Berlin and Brussels at odds over ECB powers
THE EUROPEAN Commission is proceeding with a plan to give the European Central Bank sweeping new powers to supervise as many as 6,000 euro zone banks, an initiative Germany is resisting on the basis that it is too unwieldy.
Draft legislation from the commission today will have a crucial bearing on Ireland’s campaign for bank debt relief as EU leaders have resolved that the direct recapitalisation of banks by the ESM fund cannot go ahead until the new supervisor is up and running.
This condition was set because EU leaders want to reassure doubters that any stricken banks rescued by the ESM are subject to robust supervision.
By toughening the external oversight of such banks, the leaders also want to avoid a situation in which the ESM finds itself on the hook for further losses after any capital infusion from Europe.
The commission and Germany are at odds over the scope of the plan to give the ECB new supervisory powers, raising doubt as to whether new laws can be enacted by the end of the year as the commission and EU leaders wish.
Despite some tentative signs that both sides may be open to compromise, numerous legal and political hurdles remain to be overcome in an ambitious timeframe.
Germany says the new regime – for practical reasons – should apply only to the 25 largest systemically important banks in the euro zone but the commission says this stance is riddled with weakness.
Although Berlin insists it has a “huge interest” in ensuring the success of the new regime, officials in Brussels say its position conveniently gives it scope to maintain national supervision over its state-owned Landesbanks.
German sources query the feasibility of recruiting the large numbers of staff required to run the planned system. They also say the “technical unification” of rules applying to 6,000 banks in different jurisdictions presents a serious challenge.
“Germany has 1,500 people working in banking regulation alone. With a 25 per cent stake in the euro zone, that gives an idea of the personnel we’ll need,” said a senior German source.
“This regulator has to be effective. We have no interest in creating a nice law that doesn’t work.” But the commission says it is essential for the ECB to exercise its new powers over all banks.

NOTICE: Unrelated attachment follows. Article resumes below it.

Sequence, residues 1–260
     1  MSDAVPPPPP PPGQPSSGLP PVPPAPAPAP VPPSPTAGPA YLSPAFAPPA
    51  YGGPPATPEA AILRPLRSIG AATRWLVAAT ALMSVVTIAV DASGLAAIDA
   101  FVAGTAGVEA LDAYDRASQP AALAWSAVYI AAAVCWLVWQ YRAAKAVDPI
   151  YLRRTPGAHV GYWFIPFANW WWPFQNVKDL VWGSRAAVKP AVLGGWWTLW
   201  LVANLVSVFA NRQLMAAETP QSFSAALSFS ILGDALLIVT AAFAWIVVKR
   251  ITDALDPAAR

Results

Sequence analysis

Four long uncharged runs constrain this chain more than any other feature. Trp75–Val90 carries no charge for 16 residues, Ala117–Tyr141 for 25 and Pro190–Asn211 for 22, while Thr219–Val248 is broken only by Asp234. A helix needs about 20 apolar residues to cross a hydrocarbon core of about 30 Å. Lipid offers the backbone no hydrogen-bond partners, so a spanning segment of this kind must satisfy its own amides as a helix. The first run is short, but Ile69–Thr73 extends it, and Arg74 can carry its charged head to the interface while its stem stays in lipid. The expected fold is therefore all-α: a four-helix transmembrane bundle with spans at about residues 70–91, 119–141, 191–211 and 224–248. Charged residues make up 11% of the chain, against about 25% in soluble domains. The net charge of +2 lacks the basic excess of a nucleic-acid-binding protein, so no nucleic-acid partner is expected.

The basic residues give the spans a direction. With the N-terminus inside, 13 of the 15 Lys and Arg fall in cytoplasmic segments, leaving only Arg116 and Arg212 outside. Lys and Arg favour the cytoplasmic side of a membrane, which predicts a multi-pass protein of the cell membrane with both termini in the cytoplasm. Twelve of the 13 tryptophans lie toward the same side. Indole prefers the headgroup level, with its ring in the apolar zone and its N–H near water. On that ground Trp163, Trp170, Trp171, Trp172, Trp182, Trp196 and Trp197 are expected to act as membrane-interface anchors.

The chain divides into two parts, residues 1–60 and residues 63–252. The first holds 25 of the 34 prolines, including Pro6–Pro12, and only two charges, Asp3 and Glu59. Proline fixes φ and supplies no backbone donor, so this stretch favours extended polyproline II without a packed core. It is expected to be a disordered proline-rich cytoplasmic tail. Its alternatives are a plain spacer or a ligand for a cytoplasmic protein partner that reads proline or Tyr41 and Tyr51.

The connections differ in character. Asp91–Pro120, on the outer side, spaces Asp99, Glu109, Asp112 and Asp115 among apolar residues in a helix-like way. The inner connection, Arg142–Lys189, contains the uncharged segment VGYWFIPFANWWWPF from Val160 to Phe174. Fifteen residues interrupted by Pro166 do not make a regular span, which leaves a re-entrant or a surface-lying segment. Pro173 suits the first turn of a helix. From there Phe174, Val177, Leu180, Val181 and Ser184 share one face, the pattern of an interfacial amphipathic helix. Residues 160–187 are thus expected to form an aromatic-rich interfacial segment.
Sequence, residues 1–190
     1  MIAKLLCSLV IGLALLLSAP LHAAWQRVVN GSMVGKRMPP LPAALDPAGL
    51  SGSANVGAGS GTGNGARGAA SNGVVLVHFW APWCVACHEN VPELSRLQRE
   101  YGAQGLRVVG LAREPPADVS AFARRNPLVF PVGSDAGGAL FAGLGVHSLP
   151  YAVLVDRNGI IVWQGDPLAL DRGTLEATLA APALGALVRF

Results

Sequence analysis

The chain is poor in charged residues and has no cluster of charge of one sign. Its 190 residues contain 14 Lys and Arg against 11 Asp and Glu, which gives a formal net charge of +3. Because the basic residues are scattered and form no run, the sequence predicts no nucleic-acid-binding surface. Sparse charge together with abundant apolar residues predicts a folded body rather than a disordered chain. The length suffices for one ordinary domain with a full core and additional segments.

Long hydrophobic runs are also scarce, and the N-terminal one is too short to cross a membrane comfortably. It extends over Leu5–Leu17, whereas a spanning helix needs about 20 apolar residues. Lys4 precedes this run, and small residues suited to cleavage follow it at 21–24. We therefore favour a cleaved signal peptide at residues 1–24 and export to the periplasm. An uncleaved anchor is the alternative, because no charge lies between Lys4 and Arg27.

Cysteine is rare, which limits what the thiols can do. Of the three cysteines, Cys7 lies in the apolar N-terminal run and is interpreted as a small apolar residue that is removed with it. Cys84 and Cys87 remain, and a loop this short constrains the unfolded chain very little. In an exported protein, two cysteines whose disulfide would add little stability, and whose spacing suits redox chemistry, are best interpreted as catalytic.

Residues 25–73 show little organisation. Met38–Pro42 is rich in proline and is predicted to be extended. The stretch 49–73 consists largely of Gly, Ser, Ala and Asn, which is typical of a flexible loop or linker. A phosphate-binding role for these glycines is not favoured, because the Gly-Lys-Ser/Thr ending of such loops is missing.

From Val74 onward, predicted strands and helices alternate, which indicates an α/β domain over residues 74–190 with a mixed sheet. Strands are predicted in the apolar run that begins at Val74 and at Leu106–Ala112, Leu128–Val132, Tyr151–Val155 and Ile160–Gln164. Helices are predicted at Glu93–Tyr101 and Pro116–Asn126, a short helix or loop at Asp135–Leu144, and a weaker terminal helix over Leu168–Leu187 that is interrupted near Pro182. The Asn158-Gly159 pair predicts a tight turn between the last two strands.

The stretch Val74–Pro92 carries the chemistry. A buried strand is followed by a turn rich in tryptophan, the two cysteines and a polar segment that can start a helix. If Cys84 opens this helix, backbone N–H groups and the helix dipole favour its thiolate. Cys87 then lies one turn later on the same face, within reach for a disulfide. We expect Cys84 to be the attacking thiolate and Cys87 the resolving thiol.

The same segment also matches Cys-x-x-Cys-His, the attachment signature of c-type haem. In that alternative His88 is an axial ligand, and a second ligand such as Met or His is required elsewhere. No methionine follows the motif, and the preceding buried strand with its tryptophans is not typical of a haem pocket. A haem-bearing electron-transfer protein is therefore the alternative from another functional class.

Central to its argument is the fact that crippled banks like the former Anglo Irish Bank were not deemed systemically important before the crisis but soon proved to be, at huge cost to taxpayers.
The commission is also likely to say today that a two-tier system – in which a small group of banks is subject to direct ECB supervision while most others are not – would be inherently unstable.
One key concern it may highlight is the threat of deposit flight within countries to banks perceived to be safer because they are subject to ECB supervision. This would increase the risk of volatility, the opposite of what the new system seeks to achieve.
These divisions and others pit Germany’s finance minister Wolfgang Schäuble against EU internal markets commissioner Michel Barnier, who is responsible for having the law enacted. At the same time, the two sides may not be as far apart as it might seem.
The commission will propose a phasing-in period in which the ECB would decide from next January to assume full supervisory responsibility over any bank, particularly any institution that has received state capital in a euro country.
On the face of it, such rules could be applied to speed up the direct recapitalisation of the surviving Irish banks. There is no agreement yet, however, on how to proceed with such debt relief.
In the commission’s plan, all banks of major systemic importance would be put under the ECB’s supervision from July. The new regime would apply to the remaining banks from January 2014.
The introduction of the legislation will clear the way for horse-trading with Germany over the scope of the initiative. It may well be open to a staggered implementation of the new regime, but diplomats and officials agree that consensus will be very difficult to achieve.
The commission will say today that the division of labour between the ECB and national regulators may vary according to the size of banks. That too presents a clutch of technical issues.